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FAQs regarding Mandatory Vaccination in the Workplace (posted Oct. 1, 2021)
Oct 1 Written By Victoria Merritt
As with many issues relating to COVID-19, the question of mandatory vaccinations in the workplace is novel. Employment lawyers are being required to make judgment calls based on our understanding of the current legal framework, without the benefit of concrete decisions on these complex and difficult issues.
This post provides answers to some of the Frequently Asked Questions that we have received. It will be updated periodically, as information and requirements in this area change rapidly.
This FAQ provides general information only, not legal advice. There are other considerations for certain workplaces, such as unionized workplaces, federally-regulated employers, or workplaces where a public health order may be in effect.
If you have questions as an employee about vaccination requirements, you should seek legal advice specific to your circumstances.
In many workplaces, the answer to this question is currently ‘yes’.
More specifically, BC has a number of workplaces where, pursuant to the COVID-19 Vaccination Status Information and Preventive Measures Order – September 27, 2021, your employer is legally obligated to require employees to be vaccinated.
For example, all employees who work in health care facilities or long-term care homes are required to be fully vaccinated, unless they fall within certain specific medical exemptions. If you do not meet the criteria for a medical exemption, you will likely be put on an unpaid leave until the PHO is repealed. If you have a medical basis for not being vaccinated, then you should raise this with your employer as soon as possible.
In workplaces not subject to a Public Health Order requiring vaccination, your employer may still be able to impose a mandatory vaccine policy, pursuant to their obligation to ensure a safe and healthy workplace. This is particularly the case if you work in an environment where it is not possible to implement other safety measures (such as physical distancing or masks), or where you are frequently required to enter facilities that require proof of vaccination.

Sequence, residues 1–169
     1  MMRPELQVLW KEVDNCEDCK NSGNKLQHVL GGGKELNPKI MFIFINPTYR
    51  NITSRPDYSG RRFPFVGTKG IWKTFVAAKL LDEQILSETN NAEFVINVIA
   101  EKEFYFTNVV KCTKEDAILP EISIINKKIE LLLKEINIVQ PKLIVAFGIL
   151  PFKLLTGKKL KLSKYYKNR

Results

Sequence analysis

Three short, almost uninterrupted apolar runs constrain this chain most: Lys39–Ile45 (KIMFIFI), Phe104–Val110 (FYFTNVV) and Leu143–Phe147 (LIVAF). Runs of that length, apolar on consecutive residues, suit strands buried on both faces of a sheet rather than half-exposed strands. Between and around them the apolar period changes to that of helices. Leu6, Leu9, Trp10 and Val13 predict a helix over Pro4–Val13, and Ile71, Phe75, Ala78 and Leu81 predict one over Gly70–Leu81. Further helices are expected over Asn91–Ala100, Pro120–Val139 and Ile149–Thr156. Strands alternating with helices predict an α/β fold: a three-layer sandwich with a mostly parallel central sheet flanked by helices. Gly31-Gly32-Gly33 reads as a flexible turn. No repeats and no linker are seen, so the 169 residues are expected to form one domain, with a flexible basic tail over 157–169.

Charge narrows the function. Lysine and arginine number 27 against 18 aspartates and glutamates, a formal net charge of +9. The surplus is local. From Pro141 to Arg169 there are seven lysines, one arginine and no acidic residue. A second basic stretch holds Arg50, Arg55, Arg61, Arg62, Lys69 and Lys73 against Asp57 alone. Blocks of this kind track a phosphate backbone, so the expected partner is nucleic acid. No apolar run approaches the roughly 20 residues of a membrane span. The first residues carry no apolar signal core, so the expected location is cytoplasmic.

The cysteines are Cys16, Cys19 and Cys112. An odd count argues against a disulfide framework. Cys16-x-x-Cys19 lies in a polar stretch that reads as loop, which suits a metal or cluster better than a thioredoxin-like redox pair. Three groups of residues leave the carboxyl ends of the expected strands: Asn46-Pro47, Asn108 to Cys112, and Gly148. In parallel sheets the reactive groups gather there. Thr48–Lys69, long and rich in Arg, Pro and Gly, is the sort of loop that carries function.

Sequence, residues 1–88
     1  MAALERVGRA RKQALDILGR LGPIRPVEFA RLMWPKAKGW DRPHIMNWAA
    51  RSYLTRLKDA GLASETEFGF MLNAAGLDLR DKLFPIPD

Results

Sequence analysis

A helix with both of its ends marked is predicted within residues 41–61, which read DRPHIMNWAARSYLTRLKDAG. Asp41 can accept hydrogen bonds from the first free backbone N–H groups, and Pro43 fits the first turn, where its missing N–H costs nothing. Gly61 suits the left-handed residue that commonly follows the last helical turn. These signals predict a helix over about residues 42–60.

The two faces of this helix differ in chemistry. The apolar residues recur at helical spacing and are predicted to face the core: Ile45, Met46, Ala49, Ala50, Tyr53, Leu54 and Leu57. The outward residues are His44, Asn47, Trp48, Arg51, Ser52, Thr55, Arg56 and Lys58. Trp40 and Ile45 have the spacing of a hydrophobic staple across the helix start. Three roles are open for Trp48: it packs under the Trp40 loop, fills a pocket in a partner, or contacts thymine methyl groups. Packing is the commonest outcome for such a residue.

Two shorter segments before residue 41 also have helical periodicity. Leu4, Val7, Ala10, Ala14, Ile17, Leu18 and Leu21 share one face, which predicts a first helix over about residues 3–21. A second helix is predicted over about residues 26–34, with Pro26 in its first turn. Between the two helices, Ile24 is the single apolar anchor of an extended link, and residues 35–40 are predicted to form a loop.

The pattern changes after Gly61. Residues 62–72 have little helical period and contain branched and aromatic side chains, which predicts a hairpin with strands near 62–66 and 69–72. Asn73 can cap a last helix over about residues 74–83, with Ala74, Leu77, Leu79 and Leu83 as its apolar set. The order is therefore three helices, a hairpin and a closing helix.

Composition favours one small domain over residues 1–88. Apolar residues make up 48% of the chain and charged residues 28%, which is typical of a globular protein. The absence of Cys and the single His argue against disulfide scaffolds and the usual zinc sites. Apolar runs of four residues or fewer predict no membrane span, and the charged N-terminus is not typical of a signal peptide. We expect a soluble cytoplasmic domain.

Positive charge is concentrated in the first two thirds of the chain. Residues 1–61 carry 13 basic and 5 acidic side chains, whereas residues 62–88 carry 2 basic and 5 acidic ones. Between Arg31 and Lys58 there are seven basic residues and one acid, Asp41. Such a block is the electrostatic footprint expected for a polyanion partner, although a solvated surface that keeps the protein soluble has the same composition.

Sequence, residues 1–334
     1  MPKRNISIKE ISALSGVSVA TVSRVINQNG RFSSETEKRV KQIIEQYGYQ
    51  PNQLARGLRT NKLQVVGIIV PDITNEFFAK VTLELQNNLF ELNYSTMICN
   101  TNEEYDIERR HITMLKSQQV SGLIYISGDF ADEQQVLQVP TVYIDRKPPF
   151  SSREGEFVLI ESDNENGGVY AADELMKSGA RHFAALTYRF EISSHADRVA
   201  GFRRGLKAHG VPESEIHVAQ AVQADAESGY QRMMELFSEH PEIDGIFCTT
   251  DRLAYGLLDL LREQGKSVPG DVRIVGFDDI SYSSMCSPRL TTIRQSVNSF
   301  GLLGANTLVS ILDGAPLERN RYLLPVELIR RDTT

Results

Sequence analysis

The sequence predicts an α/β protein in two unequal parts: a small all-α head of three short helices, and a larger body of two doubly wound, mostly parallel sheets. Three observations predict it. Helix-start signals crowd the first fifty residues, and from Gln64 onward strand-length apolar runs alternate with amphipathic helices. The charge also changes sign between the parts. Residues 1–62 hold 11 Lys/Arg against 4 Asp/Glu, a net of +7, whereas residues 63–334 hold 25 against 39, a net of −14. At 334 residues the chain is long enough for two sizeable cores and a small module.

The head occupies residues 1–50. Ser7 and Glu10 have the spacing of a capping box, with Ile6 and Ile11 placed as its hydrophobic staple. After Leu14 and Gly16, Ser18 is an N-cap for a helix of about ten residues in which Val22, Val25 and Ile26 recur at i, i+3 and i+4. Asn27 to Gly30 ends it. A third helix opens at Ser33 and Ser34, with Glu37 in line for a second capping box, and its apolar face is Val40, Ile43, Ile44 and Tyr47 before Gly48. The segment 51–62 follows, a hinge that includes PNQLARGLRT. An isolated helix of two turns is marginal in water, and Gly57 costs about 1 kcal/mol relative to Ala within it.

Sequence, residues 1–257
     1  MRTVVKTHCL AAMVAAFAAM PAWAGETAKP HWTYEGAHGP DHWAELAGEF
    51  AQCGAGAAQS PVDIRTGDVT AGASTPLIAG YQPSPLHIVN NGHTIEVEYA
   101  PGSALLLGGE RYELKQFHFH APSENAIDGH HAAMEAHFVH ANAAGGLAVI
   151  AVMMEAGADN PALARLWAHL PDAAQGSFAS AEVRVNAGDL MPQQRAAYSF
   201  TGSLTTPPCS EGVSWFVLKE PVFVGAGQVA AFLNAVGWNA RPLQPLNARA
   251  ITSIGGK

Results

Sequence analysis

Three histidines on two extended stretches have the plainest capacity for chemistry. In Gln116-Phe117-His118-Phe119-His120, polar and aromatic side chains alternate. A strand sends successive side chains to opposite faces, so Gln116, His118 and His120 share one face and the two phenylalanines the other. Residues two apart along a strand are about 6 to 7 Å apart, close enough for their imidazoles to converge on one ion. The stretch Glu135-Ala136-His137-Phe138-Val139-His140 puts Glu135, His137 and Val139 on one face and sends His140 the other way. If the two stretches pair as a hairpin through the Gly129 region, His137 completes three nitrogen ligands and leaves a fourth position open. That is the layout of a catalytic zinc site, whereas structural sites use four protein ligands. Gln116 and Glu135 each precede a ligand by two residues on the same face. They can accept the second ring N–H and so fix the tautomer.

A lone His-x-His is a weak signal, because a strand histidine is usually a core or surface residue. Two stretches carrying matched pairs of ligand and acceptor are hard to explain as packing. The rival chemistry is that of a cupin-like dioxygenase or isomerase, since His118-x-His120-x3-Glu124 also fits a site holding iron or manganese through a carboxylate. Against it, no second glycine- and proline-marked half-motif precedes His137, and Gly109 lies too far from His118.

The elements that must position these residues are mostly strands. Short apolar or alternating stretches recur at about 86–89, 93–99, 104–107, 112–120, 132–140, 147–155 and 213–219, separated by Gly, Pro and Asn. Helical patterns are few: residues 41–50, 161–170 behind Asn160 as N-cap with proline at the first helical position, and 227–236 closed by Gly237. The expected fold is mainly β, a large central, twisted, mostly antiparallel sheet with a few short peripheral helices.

Your employer’s vaccination policy should take into consideration the Human Rights Code, privacy legislation, and if other options are available to accommodate workers who are unable to be vaccinated. If you have concerns about a vaccination policy in your workplace, you should discuss those concerns with your employer, or seek specific legal advice.
Your vaccination status is personal information that is protected under privacy legislation.
Your employer can ask you to disclose your vaccination status, and you have the option of refusing to do so. However, there may be work-related consequences for refusing to disclose your vaccination status, such as being required to work from home or having to take additional precautions (for example, regular COVID-19 tests).
If proof of vaccination is a job requirement, or has been ordered under a Public Health Order, then you may risk losing your job if you refuse to confirm vaccination status.
Under BC’s privacy legislation, your employer is able to collect personal information where it is necessary to effectively manage the workplace. Your employer must limit the use and disclosure of any such information as much as possible, and is required to keep that information secure and confidential.
Yes, an employer is permitted to make it a condition of employment that you are fully vaccinated.
If you do not wish to be vaccinated, then your option is to not accept the offer of employment.
If you are not vaccinated because you are unable to safely receive the COVID-19 vaccine due to a physical disability, then you should raise this with the prospective employer, as they may be required to accommodate you under the Human Rights Code.
The answer to this depends on your workplace, and your reason for not being vaccinated.